Turkey revives military threat as Syrian tanks storm Deir al-Zour
August 7, 2011, 5:13 PM (GMT+02:00)
After capturing the northern town of Hama in a bloody military assault, Syrian President Bashar Assad Sunday, Aug. 7, sent a whole division of 200 tanks and dozens of armored vehicles to blast their way into another rebellious city, Syria's oil center of Deir el-Zour in the Euphrates Valley, a town of half a million inhabitants. At least 70 people were reported dead in one day.
debkafile's military sources report that while Hama is a Muslim Brotherhood stronghold, Deir el-Zour is the urban center of some 2.1 million members of assorted nomadic Bedouin tribes. They too are Sunni Muslims though of different sects. The Baqqara tribal federation is the largest, numbering 1.2 million, followed by the Fadan Walad and the Fadan Kharsa of the Euphrates Valley and the al Shammar Karsah of Deir al Zour and its environs.
Unlike the protesters of Hama, these tribesmen lack anti-tank weapons for battling Syrian armor and so their town may not hold out against the Syrian onslaught beyond two or three days. The tribesmen have meanwhile run for cover to the dense papyrus groves of the river bank and the narrow wadis of the Iraqi al Anbar province just across the border. From these hiding places, our military sources expect them refugees to organize protracted guerrilla warfare against the Assad regime and Syrian army.
debkafile recalls that these are the very tribes which from 2003 to 2006 joined al Qaeda in bloody warfare on US forces in central Iraq, preventing Anbar and the central Iraqi towns of Falujja and Ramadi ever being completely subdued and constantly convulsed by suicide attacks.
It was only when President George W. Bush agreed to implement the Awakening Councils plan put forward by Gen. David Petraeus, the current CIA Director, which involved substantial monthly payments to the tribal chiefs for warfare against al Qaeda that, Al Anbar was pacified.
Aware of the menace posed by these tribes, Syrian security services last week – ahead of the Deir el-Zour offensive – captured the Baqqara tribal chief Sheikh Nawaf al-Bashir as hostage against the tribes joining the uprising against the regime. Syrian military intelligence will find him a tough nut to crack – even for a heavy bribe.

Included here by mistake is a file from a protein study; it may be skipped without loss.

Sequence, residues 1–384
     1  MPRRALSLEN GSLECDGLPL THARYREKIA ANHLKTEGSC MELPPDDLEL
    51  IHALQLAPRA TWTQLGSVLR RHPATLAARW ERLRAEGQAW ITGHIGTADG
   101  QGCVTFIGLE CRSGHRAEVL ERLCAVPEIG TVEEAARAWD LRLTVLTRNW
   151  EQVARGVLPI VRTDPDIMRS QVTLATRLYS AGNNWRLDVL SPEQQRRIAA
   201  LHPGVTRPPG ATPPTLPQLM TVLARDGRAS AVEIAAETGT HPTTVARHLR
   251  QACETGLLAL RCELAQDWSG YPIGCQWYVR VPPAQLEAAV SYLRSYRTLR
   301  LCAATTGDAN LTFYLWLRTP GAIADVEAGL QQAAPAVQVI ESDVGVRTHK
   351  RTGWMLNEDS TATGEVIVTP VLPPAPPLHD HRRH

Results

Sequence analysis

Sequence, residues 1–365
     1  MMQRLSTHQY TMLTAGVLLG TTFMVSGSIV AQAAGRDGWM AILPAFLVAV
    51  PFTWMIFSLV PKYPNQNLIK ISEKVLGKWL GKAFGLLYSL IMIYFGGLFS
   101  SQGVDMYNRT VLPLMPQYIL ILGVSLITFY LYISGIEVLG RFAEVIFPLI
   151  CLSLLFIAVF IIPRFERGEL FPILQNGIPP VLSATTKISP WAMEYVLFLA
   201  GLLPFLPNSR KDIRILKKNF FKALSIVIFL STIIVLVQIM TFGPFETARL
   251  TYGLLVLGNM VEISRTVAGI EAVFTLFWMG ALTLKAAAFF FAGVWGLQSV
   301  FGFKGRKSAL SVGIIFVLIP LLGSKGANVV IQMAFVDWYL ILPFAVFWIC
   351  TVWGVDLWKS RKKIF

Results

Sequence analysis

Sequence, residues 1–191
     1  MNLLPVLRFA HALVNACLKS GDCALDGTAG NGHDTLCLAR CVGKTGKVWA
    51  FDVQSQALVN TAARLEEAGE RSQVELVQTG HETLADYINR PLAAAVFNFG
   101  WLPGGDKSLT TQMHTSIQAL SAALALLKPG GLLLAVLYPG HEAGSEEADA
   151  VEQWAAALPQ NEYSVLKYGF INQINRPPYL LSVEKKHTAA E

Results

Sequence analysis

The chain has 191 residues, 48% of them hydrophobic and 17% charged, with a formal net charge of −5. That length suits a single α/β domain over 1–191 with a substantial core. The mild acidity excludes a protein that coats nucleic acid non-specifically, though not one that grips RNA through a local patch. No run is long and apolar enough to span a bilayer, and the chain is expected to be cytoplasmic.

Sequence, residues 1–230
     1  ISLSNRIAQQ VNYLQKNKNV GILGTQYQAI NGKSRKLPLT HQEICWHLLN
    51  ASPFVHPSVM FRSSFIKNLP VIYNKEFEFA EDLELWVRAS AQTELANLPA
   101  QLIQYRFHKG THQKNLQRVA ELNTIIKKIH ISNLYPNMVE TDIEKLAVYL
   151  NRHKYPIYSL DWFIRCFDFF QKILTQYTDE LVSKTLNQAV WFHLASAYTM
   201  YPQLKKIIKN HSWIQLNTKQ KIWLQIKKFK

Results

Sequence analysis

The upshot may well be that although the Syrian army finally subjugates Deir al-Zour and Abu Kemal on the Iraqi border its forces will be cornered by Sunni tribes which control the road networks around the two eastern towns and prey to their raids.
Assad's offensive against the two towns also places at risk Syria's small oil fields and pipeline system. Their daily product of $8-10 million is his primary source of revenue for sustaining his war on the uprising and they will certainly become a prime strategic target for the resistance.
Turkish Prime Minister Tayyip Erdogan decided to send his foreign minister Ahmed Davutoglu to Damascus Tuesday, Aug. 9, after declaring Saturday that Turkey's patience with its neighbor "was running thin and his country could not remain a bystander to the violence… but must do what is necessary."
Davutoglu will "deliver our message in a more determined way," said Erdogan. "…a new process will take shape according to their response and actions."
"We do not see Syria as a foreign problem, Syria is our domestic problem because we have a 850-kilometer border with this country, we have historical and cultural ties, we have kinship," Erdogan said.
This was the last warning from Ankara – and therefore NATO – that Turkey was about to intervene militarily in Syria, after maintain army units on the Syrian border for weeks.
Friday, Aug. 5, Russia's NATO ambassador Dmitry Rogozin accused NATO, of which Turkey is a member, of planning a military campaign against Syria to help overthrow the Assad regime "with the long-reaching goal of preparing a beachhead for an attack on Iran